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Slave Women's Conversion in Spiritual and Political Black Narratives

Autobiography within black literary Experience

The book “Slave Women’s Conversion in Spiritual and Political Black Narratives” situates black writers’ autobiography within the theoretical and practical contours of Nihilism and Love, two aspects of the black experience all over the world, since slavery. It highlights West’s (1994) perception that Nihilism – as meaningless, hopeless and loveless life – can only be defeated by Love – as self-love and love of others. In the three personal accounts discussed, the black writers’ self-displacement from Nihilism to Love is vastly documented by the narrators. Firstly, Martins’s (2016) movement between these polarized aspects of the black experience leads him from Ariel to Calibán to Eshu. Secondly, Lee’s (1849) tale conducts the spiritual narrator from sin to public preaching after conversion. Finally, Brent’s (1861) discourse shows how the slave narrator moves from bondage to political activism as an abolitionist, after fleeing from slavery. These three self-narrators of their own overcoming of Nihilism encompass personal connections to specific modalities of Love and Self-Love, due to individual and collective conversion, within literary, spiritual and political discourses.

About the Author

José Endoença Martins

José Endoença Martins is an Afro-Brazilian professor who, besides writing poetry, fiction and academic studies, has been conducting research on the autobiographies of the 19th century black slave narrators in USA and Cuba. He has obtained one Ph.D. degree in Literary Studies and another in Translation Studies. He published two books through Lambert.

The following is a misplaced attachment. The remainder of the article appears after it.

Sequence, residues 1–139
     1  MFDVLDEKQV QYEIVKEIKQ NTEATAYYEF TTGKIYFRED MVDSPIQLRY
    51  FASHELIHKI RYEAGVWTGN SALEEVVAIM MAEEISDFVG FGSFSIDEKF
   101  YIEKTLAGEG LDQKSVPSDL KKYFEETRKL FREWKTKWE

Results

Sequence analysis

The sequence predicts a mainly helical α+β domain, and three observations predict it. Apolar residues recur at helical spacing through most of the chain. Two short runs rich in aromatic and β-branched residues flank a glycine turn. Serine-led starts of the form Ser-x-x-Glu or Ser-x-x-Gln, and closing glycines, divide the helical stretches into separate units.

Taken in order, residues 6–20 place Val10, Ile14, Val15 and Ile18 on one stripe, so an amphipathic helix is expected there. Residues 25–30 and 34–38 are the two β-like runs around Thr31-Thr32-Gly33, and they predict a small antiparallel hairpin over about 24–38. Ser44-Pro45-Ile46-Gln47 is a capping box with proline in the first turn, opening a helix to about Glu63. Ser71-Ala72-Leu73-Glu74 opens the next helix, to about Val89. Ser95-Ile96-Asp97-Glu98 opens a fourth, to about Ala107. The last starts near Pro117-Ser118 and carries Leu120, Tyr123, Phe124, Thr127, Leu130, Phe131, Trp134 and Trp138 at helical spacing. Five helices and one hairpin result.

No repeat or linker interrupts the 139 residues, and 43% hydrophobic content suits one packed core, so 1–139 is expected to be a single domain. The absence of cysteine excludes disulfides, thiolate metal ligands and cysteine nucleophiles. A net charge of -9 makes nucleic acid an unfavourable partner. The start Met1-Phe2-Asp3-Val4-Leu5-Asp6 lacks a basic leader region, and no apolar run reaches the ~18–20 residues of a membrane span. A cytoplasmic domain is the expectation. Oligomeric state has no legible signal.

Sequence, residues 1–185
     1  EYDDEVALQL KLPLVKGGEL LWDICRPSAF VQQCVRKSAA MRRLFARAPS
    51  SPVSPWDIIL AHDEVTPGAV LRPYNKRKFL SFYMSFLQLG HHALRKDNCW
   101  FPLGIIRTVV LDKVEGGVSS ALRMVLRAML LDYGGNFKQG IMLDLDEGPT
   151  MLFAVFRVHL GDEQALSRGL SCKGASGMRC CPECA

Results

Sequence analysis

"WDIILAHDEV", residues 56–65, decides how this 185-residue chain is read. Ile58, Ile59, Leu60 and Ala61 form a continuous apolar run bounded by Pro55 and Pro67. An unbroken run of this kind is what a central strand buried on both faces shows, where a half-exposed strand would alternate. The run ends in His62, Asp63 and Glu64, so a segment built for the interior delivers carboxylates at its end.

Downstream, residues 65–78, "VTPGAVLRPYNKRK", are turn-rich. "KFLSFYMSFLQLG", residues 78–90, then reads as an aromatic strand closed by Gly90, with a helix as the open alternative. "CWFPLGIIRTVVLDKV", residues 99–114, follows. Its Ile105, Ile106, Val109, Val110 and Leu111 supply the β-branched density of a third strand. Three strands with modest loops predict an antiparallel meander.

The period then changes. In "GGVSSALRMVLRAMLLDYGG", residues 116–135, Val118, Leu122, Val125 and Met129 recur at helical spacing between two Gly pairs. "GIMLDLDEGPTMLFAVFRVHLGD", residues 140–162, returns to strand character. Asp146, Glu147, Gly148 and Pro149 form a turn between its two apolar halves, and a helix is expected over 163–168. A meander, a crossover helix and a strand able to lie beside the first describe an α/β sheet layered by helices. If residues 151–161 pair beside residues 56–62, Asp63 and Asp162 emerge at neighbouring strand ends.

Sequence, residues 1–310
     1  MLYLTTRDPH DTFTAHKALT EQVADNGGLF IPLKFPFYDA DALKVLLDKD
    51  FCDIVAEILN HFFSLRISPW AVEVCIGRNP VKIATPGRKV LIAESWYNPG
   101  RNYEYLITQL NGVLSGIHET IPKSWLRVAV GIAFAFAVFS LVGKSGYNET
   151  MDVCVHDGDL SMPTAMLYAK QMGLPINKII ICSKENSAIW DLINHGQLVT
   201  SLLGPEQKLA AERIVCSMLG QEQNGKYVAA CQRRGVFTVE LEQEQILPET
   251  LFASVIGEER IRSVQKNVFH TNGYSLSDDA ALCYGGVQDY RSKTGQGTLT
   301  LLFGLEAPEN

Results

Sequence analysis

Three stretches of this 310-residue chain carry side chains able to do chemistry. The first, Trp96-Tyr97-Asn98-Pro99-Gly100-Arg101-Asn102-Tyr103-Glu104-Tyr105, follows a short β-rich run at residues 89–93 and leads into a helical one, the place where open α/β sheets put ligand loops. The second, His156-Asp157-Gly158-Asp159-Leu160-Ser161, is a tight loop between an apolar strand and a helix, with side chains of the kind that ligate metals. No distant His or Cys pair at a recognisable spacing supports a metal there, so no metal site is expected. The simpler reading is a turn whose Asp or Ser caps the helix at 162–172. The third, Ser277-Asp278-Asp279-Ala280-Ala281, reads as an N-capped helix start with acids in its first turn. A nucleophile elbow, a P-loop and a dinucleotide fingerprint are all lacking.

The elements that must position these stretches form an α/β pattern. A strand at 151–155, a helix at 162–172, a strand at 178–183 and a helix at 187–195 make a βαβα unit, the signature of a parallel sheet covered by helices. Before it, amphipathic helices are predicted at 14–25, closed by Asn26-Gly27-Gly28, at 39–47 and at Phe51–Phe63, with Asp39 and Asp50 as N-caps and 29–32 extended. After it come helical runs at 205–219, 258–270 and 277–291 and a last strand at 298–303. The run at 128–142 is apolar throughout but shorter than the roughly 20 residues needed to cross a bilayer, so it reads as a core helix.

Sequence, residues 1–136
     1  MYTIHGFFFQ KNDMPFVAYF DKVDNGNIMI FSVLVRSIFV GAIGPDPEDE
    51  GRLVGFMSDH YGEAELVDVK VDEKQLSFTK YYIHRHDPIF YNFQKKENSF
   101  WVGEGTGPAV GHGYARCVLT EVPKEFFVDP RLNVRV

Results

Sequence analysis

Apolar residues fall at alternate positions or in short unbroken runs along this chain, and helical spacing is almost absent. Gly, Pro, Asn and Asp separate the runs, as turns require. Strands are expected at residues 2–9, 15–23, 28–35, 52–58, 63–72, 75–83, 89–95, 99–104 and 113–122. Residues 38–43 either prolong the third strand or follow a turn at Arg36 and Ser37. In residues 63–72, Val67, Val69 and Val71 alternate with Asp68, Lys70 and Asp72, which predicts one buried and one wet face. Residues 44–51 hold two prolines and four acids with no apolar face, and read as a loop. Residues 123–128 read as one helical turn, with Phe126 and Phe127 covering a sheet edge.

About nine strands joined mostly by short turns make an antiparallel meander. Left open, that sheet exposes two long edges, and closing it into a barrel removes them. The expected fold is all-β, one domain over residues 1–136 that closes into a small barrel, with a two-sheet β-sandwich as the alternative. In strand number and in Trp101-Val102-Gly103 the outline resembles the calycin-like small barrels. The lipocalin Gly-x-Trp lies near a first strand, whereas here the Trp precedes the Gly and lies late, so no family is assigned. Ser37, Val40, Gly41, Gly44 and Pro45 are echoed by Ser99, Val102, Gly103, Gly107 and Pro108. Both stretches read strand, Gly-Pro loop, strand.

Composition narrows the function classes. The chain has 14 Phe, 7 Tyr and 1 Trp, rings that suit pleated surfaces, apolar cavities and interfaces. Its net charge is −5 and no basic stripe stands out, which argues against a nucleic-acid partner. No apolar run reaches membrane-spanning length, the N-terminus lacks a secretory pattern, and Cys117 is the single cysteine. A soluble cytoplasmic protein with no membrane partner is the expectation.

Dr. Endoença Martins has published more than 20 books involving literary experiences of authors of African descent. His researches include Gates’s concept of Signifyin(g) and its implications on black literature. 

Besides Portuguese, he writes in other languages, among which are English, French, and Spanish.

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Autres livres de cet auteur

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Signifyin(g) as Black Translation in Postcolonial Experience

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Signifyin(g) upon Tony Morrison’s Postblackness

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A Cor Errada de Shakespeare

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The Wrong Color of Shakespeare

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Slave Women's Conversion in Spiritual and Political Black Narratives

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